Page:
If you’re considering working with an egg donor to help grow your family, you likely have some questions and concerns about the process and what to expect. In particular, you may be wondering how an egg donor pregnancy differs from traditional pregnancies. Below are two key points to keep in mind.
When using an egg donor, the medical aspects of your pregnancy will not differ from those of traditional pregnancies.
You will see your doctors regularly as the fetus develops, keeping track of the overall health of the fetus and all of the typical milestones in your pregnancy. As with any other pregnancy, you’ll have the option to learn the sex of your future child. Your doctor will advise you on any medical precautions to take during your pregnancy and, if needed, will recommend appropriate tests to help ensure optimal health and safety for both you and your baby.
Many women choosing to use egg donors harbor concerns about the ability to emotionally bond with their babies—that it will be difficult, confusing, or simply too different from what occurs during and after a traditional pregnancy.
It’s important to remember that bonding differs from parent to parent, regardless of whether third-party reproductive services are used. Some women feel an immediate connection during pregnancy, while others take much longer to form a strong emotional bond—even after pregnancy. Both circumstances are completely normal.
If you’re worried specifically that your future child will not be able to bond with you in the womb because you’ve used an egg donor, rest assured: Studies have shown that fetuses can recognize the voice of their mother—the woman carrying the child—prior to birth, showing selective reactions to her voice and touch as early as the second trimester.
Some intended mothers working with an egg donor also wonder whether and how they should tell their future child about the egg donor.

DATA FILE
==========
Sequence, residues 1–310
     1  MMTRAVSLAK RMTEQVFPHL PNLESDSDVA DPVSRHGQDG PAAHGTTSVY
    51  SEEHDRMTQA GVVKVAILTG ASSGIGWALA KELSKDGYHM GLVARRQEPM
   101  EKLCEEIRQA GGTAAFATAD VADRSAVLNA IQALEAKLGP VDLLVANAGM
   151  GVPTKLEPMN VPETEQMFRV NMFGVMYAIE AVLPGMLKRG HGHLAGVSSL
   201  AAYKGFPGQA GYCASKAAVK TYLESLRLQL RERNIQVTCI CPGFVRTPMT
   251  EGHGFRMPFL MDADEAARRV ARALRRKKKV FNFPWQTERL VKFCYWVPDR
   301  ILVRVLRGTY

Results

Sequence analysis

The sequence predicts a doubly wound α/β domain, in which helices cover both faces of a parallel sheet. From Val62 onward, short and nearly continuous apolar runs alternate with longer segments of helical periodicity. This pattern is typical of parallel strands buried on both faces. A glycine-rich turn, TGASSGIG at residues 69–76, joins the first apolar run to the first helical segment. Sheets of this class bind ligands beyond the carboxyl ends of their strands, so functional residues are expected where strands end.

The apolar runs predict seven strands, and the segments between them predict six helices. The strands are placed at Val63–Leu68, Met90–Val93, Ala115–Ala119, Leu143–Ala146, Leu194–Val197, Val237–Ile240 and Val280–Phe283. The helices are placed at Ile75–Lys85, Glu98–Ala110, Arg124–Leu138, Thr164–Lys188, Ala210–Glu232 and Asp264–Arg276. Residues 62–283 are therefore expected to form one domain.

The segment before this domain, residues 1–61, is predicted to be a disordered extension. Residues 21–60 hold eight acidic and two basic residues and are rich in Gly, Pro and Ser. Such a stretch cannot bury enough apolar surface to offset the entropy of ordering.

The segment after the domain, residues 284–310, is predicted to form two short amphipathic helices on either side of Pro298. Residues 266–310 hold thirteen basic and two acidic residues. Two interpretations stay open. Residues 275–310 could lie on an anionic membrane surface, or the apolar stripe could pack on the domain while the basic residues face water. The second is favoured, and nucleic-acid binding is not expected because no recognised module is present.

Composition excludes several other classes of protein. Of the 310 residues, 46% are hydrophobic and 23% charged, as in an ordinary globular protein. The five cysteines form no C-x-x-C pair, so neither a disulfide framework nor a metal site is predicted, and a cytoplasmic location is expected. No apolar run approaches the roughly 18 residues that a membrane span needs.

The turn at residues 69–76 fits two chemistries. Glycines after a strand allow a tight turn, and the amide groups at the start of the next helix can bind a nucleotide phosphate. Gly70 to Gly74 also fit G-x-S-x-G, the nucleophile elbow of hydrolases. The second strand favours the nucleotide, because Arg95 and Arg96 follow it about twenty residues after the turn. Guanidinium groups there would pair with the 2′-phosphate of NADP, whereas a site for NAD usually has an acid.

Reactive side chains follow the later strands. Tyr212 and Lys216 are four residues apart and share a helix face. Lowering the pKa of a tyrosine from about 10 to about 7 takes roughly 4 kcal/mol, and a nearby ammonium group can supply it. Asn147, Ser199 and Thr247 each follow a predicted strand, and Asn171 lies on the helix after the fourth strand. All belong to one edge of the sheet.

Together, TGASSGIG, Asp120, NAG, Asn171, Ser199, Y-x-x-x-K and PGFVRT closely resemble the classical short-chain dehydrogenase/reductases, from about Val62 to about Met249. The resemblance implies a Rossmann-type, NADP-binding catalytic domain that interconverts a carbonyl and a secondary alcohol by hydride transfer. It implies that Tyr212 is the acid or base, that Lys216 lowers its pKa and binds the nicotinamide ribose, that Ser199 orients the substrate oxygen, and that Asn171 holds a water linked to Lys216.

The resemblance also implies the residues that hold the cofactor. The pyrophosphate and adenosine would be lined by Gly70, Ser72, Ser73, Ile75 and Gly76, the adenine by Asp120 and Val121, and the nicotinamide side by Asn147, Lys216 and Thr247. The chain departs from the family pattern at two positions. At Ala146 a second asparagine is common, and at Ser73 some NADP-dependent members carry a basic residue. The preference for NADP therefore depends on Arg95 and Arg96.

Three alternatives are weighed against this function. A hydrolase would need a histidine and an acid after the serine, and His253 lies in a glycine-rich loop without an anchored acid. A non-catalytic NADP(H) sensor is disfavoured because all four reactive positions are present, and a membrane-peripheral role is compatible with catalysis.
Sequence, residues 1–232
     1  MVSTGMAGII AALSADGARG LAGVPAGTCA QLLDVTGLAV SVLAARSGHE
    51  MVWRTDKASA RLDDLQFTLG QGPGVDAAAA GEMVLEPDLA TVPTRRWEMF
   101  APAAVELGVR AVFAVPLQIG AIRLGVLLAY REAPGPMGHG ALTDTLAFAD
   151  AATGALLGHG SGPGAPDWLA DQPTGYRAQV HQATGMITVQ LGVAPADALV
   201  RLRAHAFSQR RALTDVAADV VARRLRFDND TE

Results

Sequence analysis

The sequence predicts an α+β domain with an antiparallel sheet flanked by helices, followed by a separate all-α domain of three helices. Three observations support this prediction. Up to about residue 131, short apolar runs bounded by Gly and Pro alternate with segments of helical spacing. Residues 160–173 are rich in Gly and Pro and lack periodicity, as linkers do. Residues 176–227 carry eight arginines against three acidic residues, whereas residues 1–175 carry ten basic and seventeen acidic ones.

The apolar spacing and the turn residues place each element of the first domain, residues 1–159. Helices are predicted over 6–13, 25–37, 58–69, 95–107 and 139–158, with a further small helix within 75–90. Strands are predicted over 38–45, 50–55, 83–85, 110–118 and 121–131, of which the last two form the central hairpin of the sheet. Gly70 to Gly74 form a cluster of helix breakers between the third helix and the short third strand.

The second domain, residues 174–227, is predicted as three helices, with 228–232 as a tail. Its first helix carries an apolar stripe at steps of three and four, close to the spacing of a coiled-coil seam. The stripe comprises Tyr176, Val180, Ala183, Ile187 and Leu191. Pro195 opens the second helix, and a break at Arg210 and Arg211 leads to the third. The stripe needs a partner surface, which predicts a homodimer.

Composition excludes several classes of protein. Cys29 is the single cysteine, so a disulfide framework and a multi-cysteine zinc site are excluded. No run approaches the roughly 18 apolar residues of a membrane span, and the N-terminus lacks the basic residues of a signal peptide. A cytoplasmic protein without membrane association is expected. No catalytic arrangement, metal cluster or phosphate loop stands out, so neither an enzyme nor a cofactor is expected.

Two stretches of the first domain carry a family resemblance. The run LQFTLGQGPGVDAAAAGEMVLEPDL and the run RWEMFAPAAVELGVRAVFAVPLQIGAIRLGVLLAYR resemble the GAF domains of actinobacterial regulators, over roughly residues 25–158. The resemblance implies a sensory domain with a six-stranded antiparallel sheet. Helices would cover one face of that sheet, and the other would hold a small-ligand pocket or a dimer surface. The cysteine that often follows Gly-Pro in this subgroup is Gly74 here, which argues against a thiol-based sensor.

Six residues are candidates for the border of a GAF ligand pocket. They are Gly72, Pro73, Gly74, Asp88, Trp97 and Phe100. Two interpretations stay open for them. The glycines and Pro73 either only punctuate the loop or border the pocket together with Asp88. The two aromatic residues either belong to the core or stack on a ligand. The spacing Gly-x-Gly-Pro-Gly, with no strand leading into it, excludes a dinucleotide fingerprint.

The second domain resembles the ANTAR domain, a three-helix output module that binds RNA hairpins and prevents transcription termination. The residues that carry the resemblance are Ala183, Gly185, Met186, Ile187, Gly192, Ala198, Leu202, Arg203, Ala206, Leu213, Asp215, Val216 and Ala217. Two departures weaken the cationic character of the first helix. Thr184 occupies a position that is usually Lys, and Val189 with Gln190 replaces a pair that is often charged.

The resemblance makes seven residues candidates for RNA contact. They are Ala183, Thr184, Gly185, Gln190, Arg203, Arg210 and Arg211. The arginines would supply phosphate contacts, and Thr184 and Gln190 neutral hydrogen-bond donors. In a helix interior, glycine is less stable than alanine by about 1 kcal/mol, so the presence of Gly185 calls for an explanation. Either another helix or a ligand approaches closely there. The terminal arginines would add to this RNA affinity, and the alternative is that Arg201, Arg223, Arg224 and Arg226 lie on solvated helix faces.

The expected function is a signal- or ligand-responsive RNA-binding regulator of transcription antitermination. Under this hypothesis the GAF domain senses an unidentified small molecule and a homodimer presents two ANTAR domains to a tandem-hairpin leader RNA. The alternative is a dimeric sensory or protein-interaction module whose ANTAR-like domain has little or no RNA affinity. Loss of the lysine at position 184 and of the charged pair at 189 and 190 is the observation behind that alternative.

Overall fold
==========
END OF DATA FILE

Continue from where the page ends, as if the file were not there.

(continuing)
Most experts recommend being open with your child about their genetic history, once they have reached an appropriate age. They may be curious to learn more about their genetic background, or they may not. The specifics outlined in your contract with your egg donor will help guide the timing and substance of your discussion. Your contract should address the parameters of future contact between you (and your partner, if applicable), the egg donor, and your child.
In known (or open) agreements, which are rare, the egg donor is typically a friend or family member, and the arrangement is open, meaning your child will know who the donor is and perhaps even be close with them. In semi-known (or semi-open) arrangements, the donor and intended parent(s) know minimal information about one another, such as first names and general areas of residence. In anonymous arrangements, there is typically no future contact between the intended parent(s) and the donor, and no identifying information is provided.
To learn more about egg donation, set up a consultation, or speak with an expert about what to expect during an egg donor pregnancy, get in touch with Fertility Solutions today.